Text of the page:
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Gender-responsive climate change approaches only become tangible and fully implementable with gender-sensitive funding and budgeting. Women often do not have access to financing and gender responsiveness therefore needs to be sustained along the whole spectrum of climate policy, climate programmes and climate projects.

At a recent workshop on gender-responsive climate policy, these two linked aspects were identified to move forward: the needs for gender mainstreaming and gender-responsive budgeting.  

Presenters from all over the world shared experiences. It became clear that approaches are most successful with gender responsiveness streamlined throughout the climate policy/programme/project process. It also has to be carefully included in all budgeting matters at sub-regional, regional, national or international level.

The two-day workshop, part of a series of gender-related events at the Climate Change Talks in May, focused on adaptation, capacity-building and training for delegates. On the first day, participants shared good practices, of which a summary can be found here.

On the second day, participants broke up into working groups to discuss gender-responsiveness in greater detail. A summary of their output is available here.

Fitting with these discussions, a new report by the Acumen not-for-profit international investment fund clearly shows how gender integration can boost entrepreneurial solutions to poverty and sustainable development. It sheds light on how this may be approached with tangible outcomes, with several case studies.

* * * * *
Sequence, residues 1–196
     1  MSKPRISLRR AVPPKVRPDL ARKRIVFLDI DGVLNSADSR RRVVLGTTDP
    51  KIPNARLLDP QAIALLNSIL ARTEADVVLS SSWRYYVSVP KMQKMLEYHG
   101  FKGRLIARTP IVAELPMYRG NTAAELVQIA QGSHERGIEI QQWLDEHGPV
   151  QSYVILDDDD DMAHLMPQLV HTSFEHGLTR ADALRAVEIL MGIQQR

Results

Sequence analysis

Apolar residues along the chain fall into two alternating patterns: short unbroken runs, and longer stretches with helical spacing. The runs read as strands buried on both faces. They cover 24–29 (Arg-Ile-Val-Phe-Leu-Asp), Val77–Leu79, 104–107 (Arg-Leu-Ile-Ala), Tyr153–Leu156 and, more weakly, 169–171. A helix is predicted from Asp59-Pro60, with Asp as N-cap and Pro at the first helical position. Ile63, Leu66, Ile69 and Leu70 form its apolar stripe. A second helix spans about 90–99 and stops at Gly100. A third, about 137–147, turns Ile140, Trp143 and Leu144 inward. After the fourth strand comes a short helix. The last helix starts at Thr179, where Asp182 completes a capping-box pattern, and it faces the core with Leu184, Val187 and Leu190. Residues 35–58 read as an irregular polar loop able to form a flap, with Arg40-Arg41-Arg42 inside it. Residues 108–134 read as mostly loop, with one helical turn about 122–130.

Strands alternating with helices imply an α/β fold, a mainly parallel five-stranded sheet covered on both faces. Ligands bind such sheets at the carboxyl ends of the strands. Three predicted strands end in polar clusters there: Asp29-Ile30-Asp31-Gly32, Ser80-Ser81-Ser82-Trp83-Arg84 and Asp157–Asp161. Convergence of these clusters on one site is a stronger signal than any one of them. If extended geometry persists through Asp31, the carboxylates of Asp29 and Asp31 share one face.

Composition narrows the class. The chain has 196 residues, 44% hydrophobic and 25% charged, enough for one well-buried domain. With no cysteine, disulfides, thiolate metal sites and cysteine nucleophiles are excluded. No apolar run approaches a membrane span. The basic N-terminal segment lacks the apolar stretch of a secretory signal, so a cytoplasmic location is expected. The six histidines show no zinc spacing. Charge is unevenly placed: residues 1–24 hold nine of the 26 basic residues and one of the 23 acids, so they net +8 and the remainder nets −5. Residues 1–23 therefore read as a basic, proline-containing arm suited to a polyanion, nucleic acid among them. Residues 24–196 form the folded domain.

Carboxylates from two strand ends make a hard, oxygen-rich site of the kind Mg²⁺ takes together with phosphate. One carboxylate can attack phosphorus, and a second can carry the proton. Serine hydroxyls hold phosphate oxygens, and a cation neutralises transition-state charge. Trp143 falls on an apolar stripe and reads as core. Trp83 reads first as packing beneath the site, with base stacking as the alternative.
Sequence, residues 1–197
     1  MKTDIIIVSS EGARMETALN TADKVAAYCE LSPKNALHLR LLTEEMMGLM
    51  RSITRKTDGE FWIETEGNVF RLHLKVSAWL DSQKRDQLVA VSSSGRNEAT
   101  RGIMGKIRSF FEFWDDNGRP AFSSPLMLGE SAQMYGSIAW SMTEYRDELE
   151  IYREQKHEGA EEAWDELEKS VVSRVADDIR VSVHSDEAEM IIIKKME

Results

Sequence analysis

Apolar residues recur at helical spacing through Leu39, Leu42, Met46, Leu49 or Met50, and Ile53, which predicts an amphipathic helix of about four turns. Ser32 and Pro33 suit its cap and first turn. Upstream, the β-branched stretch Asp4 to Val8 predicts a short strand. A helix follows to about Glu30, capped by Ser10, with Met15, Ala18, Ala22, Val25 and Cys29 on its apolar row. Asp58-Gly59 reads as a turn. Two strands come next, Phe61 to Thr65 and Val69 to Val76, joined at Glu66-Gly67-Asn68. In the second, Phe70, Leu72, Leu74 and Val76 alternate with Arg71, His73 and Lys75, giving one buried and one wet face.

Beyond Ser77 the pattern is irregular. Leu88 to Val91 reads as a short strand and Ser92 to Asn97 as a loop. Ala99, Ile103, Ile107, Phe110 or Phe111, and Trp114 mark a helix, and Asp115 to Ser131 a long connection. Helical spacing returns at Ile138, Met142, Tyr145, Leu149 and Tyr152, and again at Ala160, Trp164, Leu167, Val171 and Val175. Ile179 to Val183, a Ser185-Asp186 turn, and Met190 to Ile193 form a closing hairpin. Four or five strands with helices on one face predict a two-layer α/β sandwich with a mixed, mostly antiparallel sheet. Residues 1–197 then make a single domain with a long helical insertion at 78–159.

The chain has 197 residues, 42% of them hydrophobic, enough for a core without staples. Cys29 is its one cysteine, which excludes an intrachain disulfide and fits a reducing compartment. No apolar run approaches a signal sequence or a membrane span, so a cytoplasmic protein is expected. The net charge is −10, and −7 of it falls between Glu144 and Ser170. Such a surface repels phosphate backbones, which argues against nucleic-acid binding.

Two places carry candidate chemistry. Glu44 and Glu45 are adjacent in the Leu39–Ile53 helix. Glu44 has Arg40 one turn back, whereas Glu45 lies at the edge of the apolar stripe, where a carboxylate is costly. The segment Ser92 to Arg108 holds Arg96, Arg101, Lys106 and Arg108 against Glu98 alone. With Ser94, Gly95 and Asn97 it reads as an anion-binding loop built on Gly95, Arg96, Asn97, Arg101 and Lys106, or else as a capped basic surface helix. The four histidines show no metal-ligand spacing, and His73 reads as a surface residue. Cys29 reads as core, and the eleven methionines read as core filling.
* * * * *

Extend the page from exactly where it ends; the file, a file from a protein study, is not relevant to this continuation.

Making a Difference in Households

For example, BURN, founded in 2010, manufactures, markets, and sells energy-efficient cookstoves with significant potential to transform the lives of women. The unit can reduce women’s exposure to smoke and decrease the amount of time she spends cooking. The cookstove also reduces fuel expenditures for the entire household, making it more affordable.

BURN does more than just produce and market a great product for women. It catalyzes the power of that product by integrating gender into its business model at multiple levels, most notably in its sales and manufacturing operations.

By doing so, BURN increases its product’s reach, enhances customer satisfaction and ensures the cookstove achieves impact for consumers—all the while, improving its business outcomes. The report can be viewed here

Acumen also is the first private sector accredited entity to formalize its relationship with the Green Climate Fund (GCF).

Its investment sectors have a connection to addressing the impacts and challenges of climate change, including agriculture, energy and health.

Photo credit: Acumen Fund (Facebook)

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